Fri, 17 Nov 2017 14:31:01 +0000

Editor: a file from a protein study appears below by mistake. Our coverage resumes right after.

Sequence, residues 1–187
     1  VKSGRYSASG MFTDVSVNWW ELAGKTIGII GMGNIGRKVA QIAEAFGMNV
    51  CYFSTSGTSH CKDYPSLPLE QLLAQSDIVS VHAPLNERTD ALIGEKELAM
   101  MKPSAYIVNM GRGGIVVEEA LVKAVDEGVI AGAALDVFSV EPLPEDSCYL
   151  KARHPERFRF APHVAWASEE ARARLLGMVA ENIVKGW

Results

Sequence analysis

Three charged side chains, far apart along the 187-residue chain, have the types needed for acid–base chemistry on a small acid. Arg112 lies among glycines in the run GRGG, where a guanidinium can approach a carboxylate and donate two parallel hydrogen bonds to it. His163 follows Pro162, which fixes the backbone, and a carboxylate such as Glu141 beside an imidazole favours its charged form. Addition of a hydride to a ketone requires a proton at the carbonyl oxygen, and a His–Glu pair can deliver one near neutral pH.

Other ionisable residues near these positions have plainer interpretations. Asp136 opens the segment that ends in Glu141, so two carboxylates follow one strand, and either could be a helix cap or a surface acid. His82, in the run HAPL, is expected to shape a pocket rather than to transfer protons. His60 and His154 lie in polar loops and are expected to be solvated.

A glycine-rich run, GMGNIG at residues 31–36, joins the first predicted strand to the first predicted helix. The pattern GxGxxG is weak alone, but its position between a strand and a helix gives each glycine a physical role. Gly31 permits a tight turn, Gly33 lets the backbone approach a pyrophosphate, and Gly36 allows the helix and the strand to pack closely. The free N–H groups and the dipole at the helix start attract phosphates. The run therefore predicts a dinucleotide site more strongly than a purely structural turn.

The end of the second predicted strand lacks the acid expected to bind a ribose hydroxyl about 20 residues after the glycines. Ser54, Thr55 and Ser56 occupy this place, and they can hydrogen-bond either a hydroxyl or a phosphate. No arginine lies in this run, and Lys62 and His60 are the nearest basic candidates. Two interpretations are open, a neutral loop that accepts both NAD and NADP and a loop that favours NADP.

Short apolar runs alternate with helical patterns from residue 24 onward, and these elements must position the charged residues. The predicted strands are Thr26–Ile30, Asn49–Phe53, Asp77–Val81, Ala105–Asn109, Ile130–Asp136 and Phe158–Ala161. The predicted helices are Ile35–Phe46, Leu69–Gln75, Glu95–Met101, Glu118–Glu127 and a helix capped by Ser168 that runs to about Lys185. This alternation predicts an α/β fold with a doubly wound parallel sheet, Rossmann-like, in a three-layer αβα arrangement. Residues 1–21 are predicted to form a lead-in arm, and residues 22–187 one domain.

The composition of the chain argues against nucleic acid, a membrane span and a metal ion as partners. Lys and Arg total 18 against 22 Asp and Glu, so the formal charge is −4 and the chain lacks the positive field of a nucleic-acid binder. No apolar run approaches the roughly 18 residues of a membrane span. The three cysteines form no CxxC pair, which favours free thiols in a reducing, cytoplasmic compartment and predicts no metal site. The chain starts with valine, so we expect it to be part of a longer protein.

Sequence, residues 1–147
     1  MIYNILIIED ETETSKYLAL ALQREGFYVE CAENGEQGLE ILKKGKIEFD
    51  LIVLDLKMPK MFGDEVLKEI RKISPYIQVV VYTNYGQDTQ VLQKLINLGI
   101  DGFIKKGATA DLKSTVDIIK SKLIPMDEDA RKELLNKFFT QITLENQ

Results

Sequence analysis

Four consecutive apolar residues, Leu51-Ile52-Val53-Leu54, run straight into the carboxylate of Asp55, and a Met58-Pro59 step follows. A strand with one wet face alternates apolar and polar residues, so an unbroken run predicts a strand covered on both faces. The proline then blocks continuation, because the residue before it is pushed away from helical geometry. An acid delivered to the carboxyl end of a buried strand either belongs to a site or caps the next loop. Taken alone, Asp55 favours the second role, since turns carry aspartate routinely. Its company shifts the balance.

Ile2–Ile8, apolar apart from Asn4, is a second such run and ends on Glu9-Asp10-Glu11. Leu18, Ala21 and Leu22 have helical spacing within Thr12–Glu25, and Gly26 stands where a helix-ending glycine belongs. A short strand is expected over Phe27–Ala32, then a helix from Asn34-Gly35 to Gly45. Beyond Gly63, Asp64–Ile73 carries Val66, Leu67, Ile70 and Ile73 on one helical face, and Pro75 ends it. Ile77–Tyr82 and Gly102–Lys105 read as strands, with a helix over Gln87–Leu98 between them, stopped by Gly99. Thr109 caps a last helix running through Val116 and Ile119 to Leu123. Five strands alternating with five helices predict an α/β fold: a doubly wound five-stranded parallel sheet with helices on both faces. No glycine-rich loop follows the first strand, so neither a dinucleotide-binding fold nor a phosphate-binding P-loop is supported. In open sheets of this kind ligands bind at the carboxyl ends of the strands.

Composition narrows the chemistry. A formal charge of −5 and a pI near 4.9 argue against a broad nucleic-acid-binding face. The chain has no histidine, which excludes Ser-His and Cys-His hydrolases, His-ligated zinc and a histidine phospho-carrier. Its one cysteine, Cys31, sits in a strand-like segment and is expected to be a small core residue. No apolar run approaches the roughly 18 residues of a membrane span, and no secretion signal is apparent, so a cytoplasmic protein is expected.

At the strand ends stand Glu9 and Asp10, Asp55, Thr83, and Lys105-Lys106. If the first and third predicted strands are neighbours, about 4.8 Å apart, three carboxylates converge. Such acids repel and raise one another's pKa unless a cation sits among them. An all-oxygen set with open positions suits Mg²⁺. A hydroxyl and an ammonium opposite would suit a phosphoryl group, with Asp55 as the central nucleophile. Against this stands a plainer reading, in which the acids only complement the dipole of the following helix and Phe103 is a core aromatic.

Like each month, here comes a report about the work of paid contributors to Debian LTS. Individual reports In October, about 197 work hours have been dispatched among 13 paid contributors. Their reports are available: Antoine Beaupré did 21h (out of 16h allocated + 8.75h remaining, thus keeping 3.75h for November). Ben Hutchings did 20 hours (out of 15h allocated + 9 extra hours, thus keeping 4 extra hours for November). Brian May did 10 hours. Chris Lamb did 18 hours. Emilio Pozuelo Monfort did 7 hours (out of 20.75 hours allocated + 1.5 hours remaining, thus keeping 15.25 hours for November). Guido Günther did 6.5 hours (out of 11h allocated + 1 extra hour, thus keeping 5.5h for November). Hugo Lefeuvre did 20h. Lucas Kanashiro did 2 hours (out of 5h allocated, thus keeping 3 hours for November). Markus Koschany did 19 hours (out of 20.75h allocated, thus keeping 1.75 extra hours for November). Ola Lundqvist did 7.5h (out of 7h allocated + 0.5 extra hours). Raphaël Hertzog did 13.5 hours (out of 12h allocated + 1.5 extra hours). Roberto C. Sanchez did 11 hours (out of 20.75 hours allocated + 14.75 hours remaining, thus keeping 24.50 extra hours for November, he will give back remaining hours at the end of the month). Thorsten Alteholz did 20.75 hours. Evolution of the situation The number of sponsored hours increased slightly to 183 hours per month. With the increasing number of security issues to deal with, and with the number of open issues not really going down, I decided to bump the funding target to what amounts to 1.5 full-time position. The security tracker currently lists 50 packages with a known CVE and the dla-needed.txt file 36 (we’re a bit behind in CVE triaging apparently). Thanks to our sponsors New sponsors are in bold. Platinum sponsors: TOSHIBA (for 25 months) GitHub (for 16 months) Gold sponsors: The Positive Internet (for 41 months) Blablacar (for 40 months) Linode (for 30 months) Babiel GmbH (for 19 months) Plat’Home (for 19 months) Silver sponsors: Domeneshop AS (for 40 months) Université Lille 3 (for 40 months) Trollweb Solutions (for 38 months) Nantes Métropole (for 35 months) Dalenys (for 31 months) Univention GmbH (for 26 months) Université Jean Monnet de St Etienne (for 26 months) Sonus Networks (for 20 months) maxcluster GmbH (for 14 months) Exonet B.V. (for 10 months) Leibniz Rechenzentrum (for 4 months) Bronze sponsors: David Ayers – IntarS Austria (for 41 months) Evolix (for 41 months) Offensive Security (for 41 months), a.s. (for 41 months) Freeside Internet Service (for 40 months) MyTux (for 40 months) Intevation GmbH (for 38 months) Linuxhotel GmbH (for 38 months) Daevel SARL (for 36 months) Bitfolk LTD (for 35 months) Megaspace Internet Services GmbH (for 35 months) NUMLOG (for 35 months) Greenbone Networks GmbH (for 34 months) WinGo AG (for 34 months) Ecole Centrale de Nantes – LHEEA (for 30 months) Sig-I/O (for 28 months) Entr’ouvert (for 25 months) Adfinis SyGroup AG (for 23 months) GNI MEDIA (for 17 months) Laboratoire LEGI – UMR 5519 / CNRS (for 17 months) Quarantainenet BV (for 17 months) RHX Srl (for 14 months) Bearstech (for 8 months) LiHAS (for 8 months) People Doc (for 5 months) Catalyst IT Ltd (for 3 months) No comment | Liked this article? Click here. | My blog is Flattr-enabled. [...]